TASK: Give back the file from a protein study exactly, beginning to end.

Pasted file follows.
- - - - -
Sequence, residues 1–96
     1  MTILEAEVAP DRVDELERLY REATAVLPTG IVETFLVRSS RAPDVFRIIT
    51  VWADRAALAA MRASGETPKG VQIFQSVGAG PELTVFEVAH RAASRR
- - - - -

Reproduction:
Sequence, residues 1–96
     1  MTILEAEVAP DRVDELERLY REATAVLPTG IVETFLVRSS RAPDVFRIIT
    51  VWADRAALAA MRASGETPKG VQIFQSVGAG PELTVFEVAH RAASRR